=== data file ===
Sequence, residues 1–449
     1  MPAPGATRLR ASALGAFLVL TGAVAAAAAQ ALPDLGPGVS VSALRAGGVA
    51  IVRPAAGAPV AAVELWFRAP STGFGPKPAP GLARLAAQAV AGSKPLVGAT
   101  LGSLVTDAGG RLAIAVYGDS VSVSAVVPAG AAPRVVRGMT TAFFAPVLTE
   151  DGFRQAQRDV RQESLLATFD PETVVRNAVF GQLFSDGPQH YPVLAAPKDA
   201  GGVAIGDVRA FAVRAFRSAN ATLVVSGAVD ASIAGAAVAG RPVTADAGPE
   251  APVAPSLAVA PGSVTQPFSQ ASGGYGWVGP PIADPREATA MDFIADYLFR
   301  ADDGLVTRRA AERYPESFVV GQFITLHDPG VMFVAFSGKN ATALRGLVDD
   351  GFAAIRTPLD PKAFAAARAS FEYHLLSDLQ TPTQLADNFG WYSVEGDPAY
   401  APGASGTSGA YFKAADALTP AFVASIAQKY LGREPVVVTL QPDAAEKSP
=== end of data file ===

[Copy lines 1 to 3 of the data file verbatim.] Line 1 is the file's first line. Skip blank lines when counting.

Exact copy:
Sequence, residues 1–449
     1  MPAPGATRLR ASALGAFLVL TGAVAAAAAQ ALPDLGPGVS VSALRAGGVA
    51  IVRPAAGAPV AAVELWFRAP STGFGPKPAP GLARLAAQAV AGSKPLVGAT